She is candid and tells it like it is, which for her followers, is her charm and her pull. Accompanying a photo she posted in November 2017 to be used as a profile picture, Ms Duan wrote, with, again, scant regard to punctuation—and, now, propriety, “i’ll let you guys in on a secret; i photoshopped my armpits bc it’s so wrinkly it looks like a vagina”. Her “vagpit” reference prompted 1,862 likes and 54 comments, of which 24 were variations of “the most beautiful”, with one, calling her “仙女本人” (xian nu ben ren or the fairy herself). Her fans rave about her looks, but she is not considered conventional beauty, a point Ms Duan acknowledges. In 2019, she told the Shanghai media, “我从外貌来看就很少归类为传统模特” (wo cong wai mao lai kan jiu hen shao gui lei wei chuan tong mo te or “from my appearance, I am rarely classified as a traditional model”). But this non-traditional look is possibly why the casting agents in the West have been interested in her—she fits the Western perception of eastern beauty and exotica.
On her face, she has what the Chinese would call “丹凤眼” (dan feng yan or red phoenix eyes, referring to almond-shaped peepers with outer corners inclined upwards). Her eyes are set rather apart, creating a wide glabella that make-up artists don’t necessarily know what to do with. “You can’t shade that area,” one seasoned pro told us. “She also has a lot of space between the upper eyelid and the brow, which may require a lot of colour”. In a commentary on China’s Sohu (搜狐), Ms Duan was described to have “塌鼻梁圆鼻头” (ta bi liang yuan bi tou or collapsed bridge, round nose), which the writer acknowledged to be “颠覆了国际超模的直挺范儿” (dian fu le guo ji chao mo de zhi ting fan er or subverting the straightforward styles of international supermodels). And those full lips, not seen since Ethel Fong. In sum, her facial features may post a challenge to her creative partners, but most fashion stylists generally say she is fun to work with, as “she has character”. There’s a campy side to her too. In one IG post, she lip-synced delightfully to Olivia Newton-John’s Hopelessly Devoted to You!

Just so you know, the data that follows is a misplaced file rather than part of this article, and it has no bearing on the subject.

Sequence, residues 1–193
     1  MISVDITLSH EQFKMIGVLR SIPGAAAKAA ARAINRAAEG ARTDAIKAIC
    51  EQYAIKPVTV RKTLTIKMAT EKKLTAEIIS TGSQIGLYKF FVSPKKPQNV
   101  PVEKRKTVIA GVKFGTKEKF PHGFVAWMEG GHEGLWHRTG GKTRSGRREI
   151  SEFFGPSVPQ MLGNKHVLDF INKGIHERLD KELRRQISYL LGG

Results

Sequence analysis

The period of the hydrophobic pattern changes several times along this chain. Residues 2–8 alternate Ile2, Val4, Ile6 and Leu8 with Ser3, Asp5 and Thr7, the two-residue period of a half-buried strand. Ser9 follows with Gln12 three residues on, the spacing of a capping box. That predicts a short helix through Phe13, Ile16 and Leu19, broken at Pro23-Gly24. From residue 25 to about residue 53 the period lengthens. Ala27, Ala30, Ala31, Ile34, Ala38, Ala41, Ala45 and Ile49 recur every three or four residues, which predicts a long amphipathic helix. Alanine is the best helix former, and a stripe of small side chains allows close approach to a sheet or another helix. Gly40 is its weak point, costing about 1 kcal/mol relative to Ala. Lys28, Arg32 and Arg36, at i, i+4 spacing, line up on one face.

Duan Mei Yue, now 22, started modelling full-time in 2017 after completing her A-Levels (if modelling didn’t work out, she would have considered psychology in university), but had earlier already wanted to be a model after discounting the possibility of being a fashion designer. She told Female magazine in 2018 that “K-pop and anime were part of my motivation to become a model. I saw how the K-pop idols I obsessed over at that time walked Seoul Fashion Week and they were invited to various fashion shows during the fashion week circuit in Europe and New York so I thought maybe I should become a model to meet them lol”. And ultimately, to be on the cover of Vogue Italia. She also told Cleo in 2019, “I started when I realised that I needed to express my love for aesthetics and fashion”. She has, so far, walked the runways of Shanghai, Seoul, Tokyo, New York, and Paris, but was conspicuously absent at the biggest fashion show of the year on our island: last week’s Louis Vuitton presentation, when the “bigger” star at the moment, Yong Kai Gin, had her SG moment in the klieg lights—and the rain.
Ms Duan gives the impression that there were many artists, professionals or amateurs, who desired to draw her face. On IG Stories, she wrote, “every other artists (sic) has either properly compensated me or has agreed to stop the selling and apologised sincerely”. Perhaps, it is true: Her unusual features are more interesting to artists than standard symmetry or placid perfection. That Allison M Low, herself considered a “looker”, chose that fated picture, one that would have been a weak shot for casting agents, is telling of the appeal of Ms Duan’s off-kilter looks. In her response to the controversy, Ms Low told The Sunday Times that “the artworks… were about the strength and grace in women…” but while there seems to be tremendous strength on both sides (and among their respective supporters), there has not been a palpable sense of grace, as the war wages online. As one marketing manager said to us, “Duan Mei Yue has grown-up. The modelling around the world has opened her eyes.” When that photo was shared on the model’s IG page on 18 Feb 2018, this was her comment (and we’re quoting verbatim): “grey eyes from @ttd_eye queen grey go spend some of dat angpao moneys and get yoself some cool grey eyes with a cool discount by using my code “dmeiyue” ✨ portrait by @uuanjie as usual hehe makeup done by moi :*” That girl is no more.
Illustration and collage: Just So